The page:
Conversations with Prof Kapil Muni Tiwary 3

Courtesy: Wikimedia Commons

In the second episode Prof K M Tiwary shares how he was refused admission to BA in Patna college, even though he was eligible for the same.

In this episode he throws some light on his life as a student at H D Jain College Arah. One may also get a glimpse here of the political climate of the country and the world of that time.

Me: Once you were refused admission to Patna college, where did you go for your Bachelor of Arts?

Prof Tiwary: I had no other option but to look for another college. And the only choice for me in Patna was B N College. There was no other college for Humanities in Patna back then.

Moinul Haq was the Principal of B N College. He was another interesting character. He was also the Chief of the Hockey Federation of India. Moinul Haq stadium in Patna is named after him.

I knew a student of B N College named Ganesh Shankar Vidyarthy who was a student leader of the Communist Party. Later he became a prominent leader of CPI(M). He was a few years senior to me then. He accompanied me to meet the Principal in his office for my admission.

Moinul Haq asked me, “Where had you been in I A?”

When he came to know that I was in Patna College, he said, “You should go back to Patna College because we don’t accept the students who are nerds. We admit the students who are either sportsmen or potential leaders”.

After that he narrated the story of a student of the college named Mr A P Sharma, who was an Indian Railway Union leader then. Later he became the Union Minister in the Govt of India and still later Governor of Punjab and West Bengal.

Mr Moinul Haq also shared with Ganesh Shankar Vidyarthy how he was not given a visa once to play Hockey in a Communist country while he was leading the Indian Hockey team. It was because Mr Moinul Haq and some other teachers of St Xaviour’s School Patna had been part of a committee which were sympathisers of the policies of the United States of America.

Despite these anecdotes Principal Haq didn’t agree for my admission to his college.

Me: Sir, what did you do after you were refused admission in B N College?

Prof Tiwary: When the doors for my admission were closed in Patna, I had no choice but to move to the only college in my district town, Arah, and that was H D Jain College. The principal of the college was one Prof Bhattacharya. He saw my marks and simply wrote ‘Admit’ on my application form. I was admitted.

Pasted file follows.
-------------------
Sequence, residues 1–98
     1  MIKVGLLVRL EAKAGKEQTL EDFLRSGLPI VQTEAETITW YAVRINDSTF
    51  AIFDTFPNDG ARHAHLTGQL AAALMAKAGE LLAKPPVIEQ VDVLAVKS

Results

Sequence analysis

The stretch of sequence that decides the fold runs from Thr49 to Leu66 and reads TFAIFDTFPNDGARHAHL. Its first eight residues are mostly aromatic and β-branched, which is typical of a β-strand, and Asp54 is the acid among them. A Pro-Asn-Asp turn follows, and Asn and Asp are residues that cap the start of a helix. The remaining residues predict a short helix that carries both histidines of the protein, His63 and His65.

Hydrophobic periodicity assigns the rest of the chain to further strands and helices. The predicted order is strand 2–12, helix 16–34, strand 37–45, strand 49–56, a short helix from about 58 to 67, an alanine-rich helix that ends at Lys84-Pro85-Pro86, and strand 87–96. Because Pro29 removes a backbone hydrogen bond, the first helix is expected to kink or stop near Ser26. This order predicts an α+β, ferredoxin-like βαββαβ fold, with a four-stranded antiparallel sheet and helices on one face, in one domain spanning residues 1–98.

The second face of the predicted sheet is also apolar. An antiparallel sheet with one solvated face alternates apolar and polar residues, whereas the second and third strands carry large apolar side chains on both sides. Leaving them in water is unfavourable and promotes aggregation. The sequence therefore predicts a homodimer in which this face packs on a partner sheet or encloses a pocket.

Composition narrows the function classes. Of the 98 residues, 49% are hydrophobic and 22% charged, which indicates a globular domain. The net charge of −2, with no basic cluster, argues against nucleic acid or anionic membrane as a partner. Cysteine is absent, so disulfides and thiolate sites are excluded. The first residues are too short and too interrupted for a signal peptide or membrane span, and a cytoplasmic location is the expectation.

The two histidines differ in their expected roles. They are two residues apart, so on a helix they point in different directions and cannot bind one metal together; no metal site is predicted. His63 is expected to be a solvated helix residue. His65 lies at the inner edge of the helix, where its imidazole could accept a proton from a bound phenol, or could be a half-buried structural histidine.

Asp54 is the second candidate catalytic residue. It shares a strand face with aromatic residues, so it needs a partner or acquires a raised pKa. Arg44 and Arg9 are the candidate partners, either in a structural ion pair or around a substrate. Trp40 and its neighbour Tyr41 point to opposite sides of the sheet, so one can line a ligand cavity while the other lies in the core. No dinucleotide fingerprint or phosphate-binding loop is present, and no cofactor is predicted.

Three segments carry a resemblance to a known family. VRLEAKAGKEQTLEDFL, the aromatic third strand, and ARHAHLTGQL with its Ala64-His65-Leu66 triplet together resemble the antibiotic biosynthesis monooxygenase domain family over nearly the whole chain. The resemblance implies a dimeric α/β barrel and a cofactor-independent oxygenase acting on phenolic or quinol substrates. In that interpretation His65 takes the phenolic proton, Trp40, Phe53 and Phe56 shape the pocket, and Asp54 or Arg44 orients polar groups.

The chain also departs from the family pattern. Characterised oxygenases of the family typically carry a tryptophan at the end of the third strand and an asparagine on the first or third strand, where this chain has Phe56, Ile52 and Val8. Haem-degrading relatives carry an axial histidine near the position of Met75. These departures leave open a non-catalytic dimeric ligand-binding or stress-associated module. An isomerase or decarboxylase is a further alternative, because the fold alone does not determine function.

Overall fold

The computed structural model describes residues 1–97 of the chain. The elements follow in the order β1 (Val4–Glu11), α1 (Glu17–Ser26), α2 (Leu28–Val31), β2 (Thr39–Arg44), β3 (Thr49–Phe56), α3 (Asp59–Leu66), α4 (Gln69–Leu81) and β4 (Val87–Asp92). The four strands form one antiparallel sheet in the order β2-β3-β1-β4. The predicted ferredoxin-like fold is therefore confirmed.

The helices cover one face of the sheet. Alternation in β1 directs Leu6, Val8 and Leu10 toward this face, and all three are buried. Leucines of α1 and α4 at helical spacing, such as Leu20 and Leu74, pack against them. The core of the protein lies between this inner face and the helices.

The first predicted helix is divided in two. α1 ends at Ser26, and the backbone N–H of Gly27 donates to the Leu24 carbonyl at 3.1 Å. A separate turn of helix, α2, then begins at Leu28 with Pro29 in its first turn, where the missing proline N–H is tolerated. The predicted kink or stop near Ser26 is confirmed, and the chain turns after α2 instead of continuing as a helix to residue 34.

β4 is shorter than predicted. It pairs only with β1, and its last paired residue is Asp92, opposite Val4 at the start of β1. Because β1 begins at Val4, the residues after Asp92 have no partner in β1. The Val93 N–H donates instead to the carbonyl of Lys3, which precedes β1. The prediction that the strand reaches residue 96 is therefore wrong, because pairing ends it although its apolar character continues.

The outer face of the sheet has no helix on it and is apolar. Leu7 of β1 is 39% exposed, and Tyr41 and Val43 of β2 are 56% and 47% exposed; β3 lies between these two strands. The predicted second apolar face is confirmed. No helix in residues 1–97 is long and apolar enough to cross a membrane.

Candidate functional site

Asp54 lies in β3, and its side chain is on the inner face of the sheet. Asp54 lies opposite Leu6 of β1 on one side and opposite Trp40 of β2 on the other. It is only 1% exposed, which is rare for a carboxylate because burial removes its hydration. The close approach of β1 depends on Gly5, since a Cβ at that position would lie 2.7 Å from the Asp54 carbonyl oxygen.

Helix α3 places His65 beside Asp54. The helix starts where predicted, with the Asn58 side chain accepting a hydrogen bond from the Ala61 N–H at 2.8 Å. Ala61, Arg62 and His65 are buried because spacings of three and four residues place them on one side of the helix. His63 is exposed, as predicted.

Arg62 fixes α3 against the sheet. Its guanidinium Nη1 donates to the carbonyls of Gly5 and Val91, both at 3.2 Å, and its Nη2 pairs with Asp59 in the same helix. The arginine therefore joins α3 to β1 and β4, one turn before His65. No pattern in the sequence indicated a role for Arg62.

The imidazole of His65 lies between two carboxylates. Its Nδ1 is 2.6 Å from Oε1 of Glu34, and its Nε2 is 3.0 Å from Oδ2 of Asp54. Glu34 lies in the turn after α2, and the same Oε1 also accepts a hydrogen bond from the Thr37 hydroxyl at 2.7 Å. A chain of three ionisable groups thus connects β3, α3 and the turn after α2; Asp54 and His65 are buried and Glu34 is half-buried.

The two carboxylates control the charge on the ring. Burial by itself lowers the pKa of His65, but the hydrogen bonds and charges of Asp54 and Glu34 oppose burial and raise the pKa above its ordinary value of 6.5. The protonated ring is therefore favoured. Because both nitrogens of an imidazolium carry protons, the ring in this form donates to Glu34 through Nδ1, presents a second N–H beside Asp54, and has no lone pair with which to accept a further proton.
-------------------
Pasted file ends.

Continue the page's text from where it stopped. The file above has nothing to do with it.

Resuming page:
In Arah my link with the Communist Party became stronger and my responsibilities increased. Besides attending the classes I had to represent the Party in the college and the town. I had to go to Patna once or twice a week and bring the literature, books and newspapers from the Party office for distribution in Arah town. I used to visit the other nearby towns too for the Party work.

Back then the Party had a popular newspaper, Janshakti, which was published from Patna. I used to purchase 200 copies of the newspaper from my own pocket money in Patna and sell them in Arah. Generally I would choose a Tea Shop in the marketplace or near the railway station and sit there. A Tea Shop is a place where a number of people come for tea. Some of them used to buy the newspaper. The shopkeeper knew me as a student. So he didn’t mind my sitting and selling the newspaper there. I would sell the paper to the common people who won’t necessarily be connected to the party.

Within a year of my admission a student was penalised by the college authorities. The student had not been at fault. He had become a victim of a teacher’s personal grudge against him. It was a case of injustice and I organized a protest in the College against that decision.

When I met the Principal during the protest, he said, “Are you the same student who had come from Patna College last year? Have you come here to indulge in such activities?” But he couldn’t take any action against me because the whole college was with me.

In 1951 we led another protest in the college during a conference of professors. Our demand was that the college should be closed for the first General Elections of Independent India (1951-52). A number of students wanted to do canvassing during the elections.

Those were the early days of the cold war which sought to split the world between the two blocks led by the two superpowers, the US and USSR. They would try to influence the world on every single issue like politics, economics, ideology etc and every move made by the Western Alliance led by the USA would be opposed by the Eastern Alliance represented by the USSR.

Soviet Union was then the source of the Communist movement in the world. It was the fountainhead of the Communist strategies, policies, ideas, protests, movements.

One such movement initiated by the Soviet Union to counter the US possession and stockpiling of nuclear arms was the Peace movement. USSR had not acquired the atom bombs by then and it was trying to project itself as a peace loving nation and America as a war monger. My duty as a member of the Party was to propagate and lead several such protests and movements of the Party.

In 1948 the Communist Party was banned in India after a call for armed rebellion by Mr B T Ranadive in its second congress in Kolkata. Many of its leaders had gone underground. The ban was lifted in 1951 before the First General Elections.

Dr Arun Jee

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